At 74, UCLA’s Paul Von Blum is not slowing down in his scholarship about and devotion to civil rights, human rights, art and cultural history. For 27 years he has taught courses on race, law and culture in UCLA’s departments of communication studies and African-American studies.
He had two books published during the last two years — one called “Creative Souls: African American Artists in Greater Los Angeles” released last fall, and “Civil Rights for Beginners,” which came out in January 2016.
As Black History month gets underway, Von Blum hopes that anyone interested in the civil rights movement will start to learn more about the activists and events beyond well-known faces like Martin Luther King Jr., Rosa Parks and Brown v. Board of Education, which outlawed segregated schools.
In “Civil Rights for Beginners,” Von Blum traces the movement back to the earliest documentations of slave revolts in America, including the 1831 rebellion led by Nat Turner and on through the efforts of notable leaders, everyday people, scholars, writers, students and lawyers working through the decades leading to the 1960s.
“I want people to know that there is a long unbroken history of the Black civil rights movement,” Von Blum said. “In my mind, it began the first time an African person tried to resist being a slave. And it has never stopped since.”
Von Blum’s personal activism took shape at just 14 years old when he testified against the Ku Klux Klan, after that group burned a cross in the yard of his family home in a suburb of Philadelphia in 1957. His parents, both political activists, were part of a group of people who had tried to help a black family move into a segregated neighborhood.
Von Blum went on to participate in organizing and sit-ins throughout the 1960s, working with the Student Nonviolent Coordinating Committee. He was a firsthand witness to King’s rousing speech at the March on Washington in August 1963.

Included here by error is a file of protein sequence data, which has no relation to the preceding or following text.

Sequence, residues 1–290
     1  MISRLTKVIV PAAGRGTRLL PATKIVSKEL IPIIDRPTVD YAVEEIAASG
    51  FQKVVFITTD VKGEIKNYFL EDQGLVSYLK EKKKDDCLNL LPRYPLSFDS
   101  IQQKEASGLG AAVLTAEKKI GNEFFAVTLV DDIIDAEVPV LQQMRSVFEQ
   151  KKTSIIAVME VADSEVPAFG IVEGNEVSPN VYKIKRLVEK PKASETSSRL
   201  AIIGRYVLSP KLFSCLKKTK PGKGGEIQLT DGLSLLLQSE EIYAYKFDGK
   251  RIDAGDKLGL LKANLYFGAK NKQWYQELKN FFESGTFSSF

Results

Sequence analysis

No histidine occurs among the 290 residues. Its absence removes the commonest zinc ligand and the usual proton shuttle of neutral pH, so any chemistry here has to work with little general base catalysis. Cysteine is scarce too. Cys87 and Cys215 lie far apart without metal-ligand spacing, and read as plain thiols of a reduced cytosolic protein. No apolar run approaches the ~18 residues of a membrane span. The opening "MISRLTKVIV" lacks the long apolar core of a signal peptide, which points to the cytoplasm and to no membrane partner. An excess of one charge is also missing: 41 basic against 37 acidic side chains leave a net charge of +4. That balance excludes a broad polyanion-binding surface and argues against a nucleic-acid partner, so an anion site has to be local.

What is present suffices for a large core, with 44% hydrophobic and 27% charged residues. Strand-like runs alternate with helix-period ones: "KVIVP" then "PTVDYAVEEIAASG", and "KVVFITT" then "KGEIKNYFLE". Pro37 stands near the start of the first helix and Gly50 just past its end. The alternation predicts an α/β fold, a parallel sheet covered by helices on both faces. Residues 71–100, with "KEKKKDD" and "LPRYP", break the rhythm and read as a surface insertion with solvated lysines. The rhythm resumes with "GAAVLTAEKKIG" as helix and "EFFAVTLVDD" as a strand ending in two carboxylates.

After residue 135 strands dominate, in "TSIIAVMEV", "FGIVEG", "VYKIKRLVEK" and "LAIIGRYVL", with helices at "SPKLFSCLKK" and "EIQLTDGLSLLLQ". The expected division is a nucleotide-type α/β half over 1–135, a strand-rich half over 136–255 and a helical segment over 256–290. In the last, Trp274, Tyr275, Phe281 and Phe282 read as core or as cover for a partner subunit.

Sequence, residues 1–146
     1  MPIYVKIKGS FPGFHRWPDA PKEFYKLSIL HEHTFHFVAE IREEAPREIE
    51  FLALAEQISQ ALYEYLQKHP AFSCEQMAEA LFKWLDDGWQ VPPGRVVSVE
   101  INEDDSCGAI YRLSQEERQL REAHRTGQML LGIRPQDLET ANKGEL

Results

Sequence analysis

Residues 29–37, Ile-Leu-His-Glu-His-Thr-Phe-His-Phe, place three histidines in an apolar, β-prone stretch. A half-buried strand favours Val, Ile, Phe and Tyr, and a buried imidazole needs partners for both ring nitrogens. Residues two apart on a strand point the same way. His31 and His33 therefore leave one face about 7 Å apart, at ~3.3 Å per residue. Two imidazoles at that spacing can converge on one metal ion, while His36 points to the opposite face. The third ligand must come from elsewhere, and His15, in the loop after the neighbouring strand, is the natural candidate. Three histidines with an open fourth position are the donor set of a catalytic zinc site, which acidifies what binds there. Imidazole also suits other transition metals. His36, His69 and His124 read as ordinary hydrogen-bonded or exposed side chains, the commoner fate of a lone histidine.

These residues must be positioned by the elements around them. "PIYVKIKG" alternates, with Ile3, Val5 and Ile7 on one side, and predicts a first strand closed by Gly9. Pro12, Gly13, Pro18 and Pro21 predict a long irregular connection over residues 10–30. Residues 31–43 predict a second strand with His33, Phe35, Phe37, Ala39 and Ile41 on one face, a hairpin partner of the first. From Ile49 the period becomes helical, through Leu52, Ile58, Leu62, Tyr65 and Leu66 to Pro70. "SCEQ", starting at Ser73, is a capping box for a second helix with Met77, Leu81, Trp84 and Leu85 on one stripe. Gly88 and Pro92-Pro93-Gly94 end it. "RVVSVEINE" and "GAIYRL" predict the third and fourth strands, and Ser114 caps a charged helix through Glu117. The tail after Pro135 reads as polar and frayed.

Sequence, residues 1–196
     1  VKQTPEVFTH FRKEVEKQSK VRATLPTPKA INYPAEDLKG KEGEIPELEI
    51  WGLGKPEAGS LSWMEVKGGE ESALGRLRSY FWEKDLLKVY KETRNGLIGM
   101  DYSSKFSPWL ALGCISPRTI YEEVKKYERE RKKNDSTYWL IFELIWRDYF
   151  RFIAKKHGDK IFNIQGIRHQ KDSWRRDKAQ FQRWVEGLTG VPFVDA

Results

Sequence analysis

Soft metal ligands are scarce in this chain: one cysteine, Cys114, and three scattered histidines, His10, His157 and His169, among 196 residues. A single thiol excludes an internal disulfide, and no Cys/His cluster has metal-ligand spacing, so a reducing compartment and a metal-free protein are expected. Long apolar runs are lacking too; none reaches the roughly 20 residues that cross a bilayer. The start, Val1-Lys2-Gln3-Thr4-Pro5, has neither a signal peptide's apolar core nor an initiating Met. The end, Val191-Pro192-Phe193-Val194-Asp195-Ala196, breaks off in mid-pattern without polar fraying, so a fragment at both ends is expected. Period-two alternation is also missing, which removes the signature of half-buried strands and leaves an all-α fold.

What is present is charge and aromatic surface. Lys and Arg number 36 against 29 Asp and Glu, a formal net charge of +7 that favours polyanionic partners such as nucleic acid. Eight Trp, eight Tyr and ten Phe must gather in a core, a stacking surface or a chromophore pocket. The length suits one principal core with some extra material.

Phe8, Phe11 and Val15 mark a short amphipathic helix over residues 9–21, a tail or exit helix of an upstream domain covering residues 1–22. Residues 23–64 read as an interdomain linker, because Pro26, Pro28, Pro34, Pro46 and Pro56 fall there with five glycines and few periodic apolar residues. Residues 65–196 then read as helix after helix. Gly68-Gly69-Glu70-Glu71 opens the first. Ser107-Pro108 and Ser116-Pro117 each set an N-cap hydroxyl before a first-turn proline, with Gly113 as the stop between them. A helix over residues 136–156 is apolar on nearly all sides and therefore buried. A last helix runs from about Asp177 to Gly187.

That monumental speech was actually more radical than the final ubiquitous phrases that get shared widely as part of Black History Month, or celebrations of the civil rights icon, Von Blum said. He hopes that we can begin to more deeply revisit some of the vision King shared at that time.
“I was sitting there a couple of hundred yards away and he spoke quite radically about the debt that he believes America owes its Black citizens,” Von Blum recalled. “Let’s just say his economic vision was to the left of Bernie Sanders. He had a deep feeling about fundamental structural financial equality in America. It would be nice if our reflections of Black History Month were more comprehensively reflective of that vision.”
Von Blum attended law school at UC Berkeley and has handled racial profiling and other public interest cases for 40 years. He is the author of eight books and more than 100 articles on art, cultural history, law, education and politics.
Von Blum also teaches an honors course at UCLA called “The Critical Vision: A History of Art as Social and Political Commentary.”
He has served as curator or co-curator for several exhibitions at the Watts Towers and the California African American Museum in Los Angeles.
His latest book “Creative Souls: African American Artists” is a follow-up to his 2004 book titled “Resistance, Dignity, and Pride: African American Artists in Los Angeles.”
More than three years in the making, with “Creative Souls” Von Blum profiles 22 African-American artists living and working in and around Los Angeles, including Phoebe Beasley, Lili Bernard, Yrneh Gabon Brown, Dale Davis, Charles Dickson, George Evans, Mark Steven Greenfield, Zeal Harris, Bernard Hoyes, Ulysses Jenkins, Artis Lane, Derrick Maddox, Michael Massenberg, Dominique Moody, Noni Olabisi, Lezley Saar, Toni Scott, Joseph Sims, Teresa Toiliver, Timothy Washington and LaMonte Westmoreland.
Their work represents a wide variety of artistic styles including portraiture, photography, mixed media, multimedia and sculpture. The messages in their individual aesthetics run from the personal to the historical to the political. Von Blum said his goal is to give these artists valuable critical exposure that will hopefully lead to exhibition opportunities as well as chances for grants and funding. He will be curating an upcoming exhibition at the Watts Towers based on the artists profiled in “Creative Souls.”
“Their works are all vibrant expressions of African-American life,” Von Blum said. “I just want the world to know about African-American culture,” he said. “I grew up in the Civil Rights movement and I learned about black culture by being part of that community. It just kind of hit me that I could do this as part of my academic life.”
In December, Von Blum was surprised and pleased to win an award from the Los Angeles Press Club for his work as a book critic for Truthdig.com, where he often writes about Black and Chicano and Chicana authors and artists.